Since launching on 23rd October 2000, Google Ads has come such a long way. Starting with just 350 advertisers and a cost per thousand (CPM) model, Google quickly started evolving its offering: introducing a cost per click (CPC) buying model, bringing in relevancy as a key factor and consistently releasing new functionality and ad extensions. Over the next many years, the focus shifted towards automation and machine learning.
While Google has been pushing ahead with full force, Microsoft is mirroring the drive towards increased automation as well. From the 5th April, any new campaigns being created will no longer be able to run manual CPC. By the end of April this year, all campaigns without automated bidding strategies will be migrated to enhanced CPC.
And Google isn’t quite done yet either. Automated bidding strategies have been constantly evolving, to move advertisers away from manual bidding. But it’s not just bidding that’s impacted. Keyword match types have also been changing over time. First, it was close variants included in exact match, then expanded to broad match modifier (BMM) and phrase match too – and now, BMM is being phased out entirely in favour of phrase match. As of July 2021, it will no longer be possible to create BMM keywords. While this simplifies keyword targeting, it also shifts control away from advertisers.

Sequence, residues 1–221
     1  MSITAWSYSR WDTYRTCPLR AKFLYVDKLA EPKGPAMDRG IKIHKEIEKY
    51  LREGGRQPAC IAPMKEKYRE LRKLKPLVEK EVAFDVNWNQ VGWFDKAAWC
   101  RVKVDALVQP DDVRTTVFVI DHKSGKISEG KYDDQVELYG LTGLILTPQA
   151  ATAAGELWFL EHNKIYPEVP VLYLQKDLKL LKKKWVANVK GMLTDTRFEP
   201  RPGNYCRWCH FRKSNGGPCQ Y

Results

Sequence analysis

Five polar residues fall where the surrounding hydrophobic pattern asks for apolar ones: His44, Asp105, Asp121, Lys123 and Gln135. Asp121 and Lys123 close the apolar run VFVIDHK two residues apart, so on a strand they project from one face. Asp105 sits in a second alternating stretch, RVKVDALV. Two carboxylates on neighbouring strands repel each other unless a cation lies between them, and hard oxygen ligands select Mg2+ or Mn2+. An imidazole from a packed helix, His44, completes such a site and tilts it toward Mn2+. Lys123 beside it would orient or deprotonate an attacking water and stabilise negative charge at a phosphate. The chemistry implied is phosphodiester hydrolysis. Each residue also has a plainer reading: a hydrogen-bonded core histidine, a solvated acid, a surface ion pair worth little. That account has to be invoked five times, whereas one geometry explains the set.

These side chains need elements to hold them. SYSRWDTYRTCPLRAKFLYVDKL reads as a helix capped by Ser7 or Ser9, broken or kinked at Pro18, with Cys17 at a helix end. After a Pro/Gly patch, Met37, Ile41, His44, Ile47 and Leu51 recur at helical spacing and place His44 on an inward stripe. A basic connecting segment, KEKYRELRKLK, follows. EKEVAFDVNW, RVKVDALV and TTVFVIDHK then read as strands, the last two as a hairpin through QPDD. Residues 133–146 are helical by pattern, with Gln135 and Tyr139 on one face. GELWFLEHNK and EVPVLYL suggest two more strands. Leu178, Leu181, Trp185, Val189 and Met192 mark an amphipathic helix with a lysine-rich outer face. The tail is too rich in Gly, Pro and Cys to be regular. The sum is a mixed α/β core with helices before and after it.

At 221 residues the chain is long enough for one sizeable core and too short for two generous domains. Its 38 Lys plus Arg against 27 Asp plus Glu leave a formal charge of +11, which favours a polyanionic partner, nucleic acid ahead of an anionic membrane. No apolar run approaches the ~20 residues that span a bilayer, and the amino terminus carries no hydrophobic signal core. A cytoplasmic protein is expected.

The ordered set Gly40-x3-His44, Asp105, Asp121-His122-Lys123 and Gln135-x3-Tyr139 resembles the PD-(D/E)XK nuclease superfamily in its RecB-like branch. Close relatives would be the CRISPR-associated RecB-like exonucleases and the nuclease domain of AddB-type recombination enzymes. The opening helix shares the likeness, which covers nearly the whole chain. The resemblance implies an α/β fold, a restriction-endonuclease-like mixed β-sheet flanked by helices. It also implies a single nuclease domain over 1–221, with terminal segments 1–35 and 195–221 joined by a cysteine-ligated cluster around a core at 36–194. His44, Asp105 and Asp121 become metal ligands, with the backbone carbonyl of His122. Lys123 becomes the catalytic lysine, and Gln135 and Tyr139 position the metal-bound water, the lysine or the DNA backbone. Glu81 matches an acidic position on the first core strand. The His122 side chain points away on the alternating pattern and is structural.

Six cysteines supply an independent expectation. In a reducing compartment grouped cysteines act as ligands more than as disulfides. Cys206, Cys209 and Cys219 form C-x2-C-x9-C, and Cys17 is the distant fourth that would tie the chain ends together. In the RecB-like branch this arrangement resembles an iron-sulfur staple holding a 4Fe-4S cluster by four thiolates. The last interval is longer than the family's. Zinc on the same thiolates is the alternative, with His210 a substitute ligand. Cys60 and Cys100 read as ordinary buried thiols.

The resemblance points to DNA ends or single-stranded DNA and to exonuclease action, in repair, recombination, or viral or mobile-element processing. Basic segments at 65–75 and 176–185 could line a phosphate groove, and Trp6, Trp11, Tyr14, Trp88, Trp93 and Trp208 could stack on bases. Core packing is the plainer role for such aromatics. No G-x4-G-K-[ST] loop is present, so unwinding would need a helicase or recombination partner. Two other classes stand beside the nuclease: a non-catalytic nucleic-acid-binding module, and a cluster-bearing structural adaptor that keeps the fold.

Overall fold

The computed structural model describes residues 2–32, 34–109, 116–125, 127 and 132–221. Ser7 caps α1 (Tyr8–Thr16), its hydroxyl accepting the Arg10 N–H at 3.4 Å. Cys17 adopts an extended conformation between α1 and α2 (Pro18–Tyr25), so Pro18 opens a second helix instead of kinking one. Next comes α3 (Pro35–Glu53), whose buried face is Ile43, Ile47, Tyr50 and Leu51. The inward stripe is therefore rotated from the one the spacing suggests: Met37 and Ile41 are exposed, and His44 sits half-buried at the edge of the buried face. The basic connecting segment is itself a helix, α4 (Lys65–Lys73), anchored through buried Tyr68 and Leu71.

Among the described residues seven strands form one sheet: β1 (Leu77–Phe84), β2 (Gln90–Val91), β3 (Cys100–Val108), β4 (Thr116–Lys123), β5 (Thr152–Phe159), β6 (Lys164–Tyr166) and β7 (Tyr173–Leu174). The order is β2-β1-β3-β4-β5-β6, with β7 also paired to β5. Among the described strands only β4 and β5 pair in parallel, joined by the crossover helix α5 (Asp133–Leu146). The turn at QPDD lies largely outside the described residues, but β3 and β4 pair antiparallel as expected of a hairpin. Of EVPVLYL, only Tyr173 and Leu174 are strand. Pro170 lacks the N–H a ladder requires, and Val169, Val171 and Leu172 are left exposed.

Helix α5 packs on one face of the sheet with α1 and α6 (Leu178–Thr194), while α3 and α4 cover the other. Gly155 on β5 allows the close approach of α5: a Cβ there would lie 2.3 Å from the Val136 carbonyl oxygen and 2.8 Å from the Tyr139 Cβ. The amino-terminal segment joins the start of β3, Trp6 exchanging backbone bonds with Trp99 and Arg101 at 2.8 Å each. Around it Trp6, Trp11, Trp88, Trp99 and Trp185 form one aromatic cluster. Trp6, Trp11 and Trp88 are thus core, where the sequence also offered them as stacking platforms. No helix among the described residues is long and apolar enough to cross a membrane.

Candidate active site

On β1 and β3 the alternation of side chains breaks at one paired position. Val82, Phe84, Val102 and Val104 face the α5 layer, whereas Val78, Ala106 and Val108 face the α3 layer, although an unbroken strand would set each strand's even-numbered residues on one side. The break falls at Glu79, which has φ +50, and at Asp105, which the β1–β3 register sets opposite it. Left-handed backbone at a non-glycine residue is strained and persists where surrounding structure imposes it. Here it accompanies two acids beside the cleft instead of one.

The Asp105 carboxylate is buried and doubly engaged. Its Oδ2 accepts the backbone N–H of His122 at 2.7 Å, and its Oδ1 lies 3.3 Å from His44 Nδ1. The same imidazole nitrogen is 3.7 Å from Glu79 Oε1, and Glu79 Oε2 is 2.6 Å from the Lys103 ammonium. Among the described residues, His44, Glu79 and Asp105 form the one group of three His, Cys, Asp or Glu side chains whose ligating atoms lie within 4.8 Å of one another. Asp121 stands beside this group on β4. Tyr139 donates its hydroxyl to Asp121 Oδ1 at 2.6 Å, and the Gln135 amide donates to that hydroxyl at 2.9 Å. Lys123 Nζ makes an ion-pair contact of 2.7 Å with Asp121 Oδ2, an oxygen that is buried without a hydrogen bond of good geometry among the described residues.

Automation has been extended to ad copy too. In 2019, responsive search ads were made available to all advertisers – an absolute game-changer. Responsive search ads allow advertisers to enter multiple headlines and description lines, and let Google do the rest. Over time, the headlines and description lines are tested to enable Google Ads to learn which ad combinations perform best and are most relevant. While this increases our reliance on machine learning and some advertisers may struggle with the loss of control here as well, it also enables us to test far more variations than if we were running manually.
All Response Media viewpoint
Automation is happening, whether we like it or not. While it means that we may not have as much control as we had before, it also opens the doors for a far more advanced and superior way of optimising and managing activity. And there is no doubt more to come: Google isn’t done with its journey towards automation. Just recently on the 18th February, Google announced that responsive search ads will now be the default ad type for search campaigns. The best way to ensure that advertisers are still achieving the results they need is to embrace change rather than fight it. Relinquish control and let machine learning do what it does best – learn and deliver.
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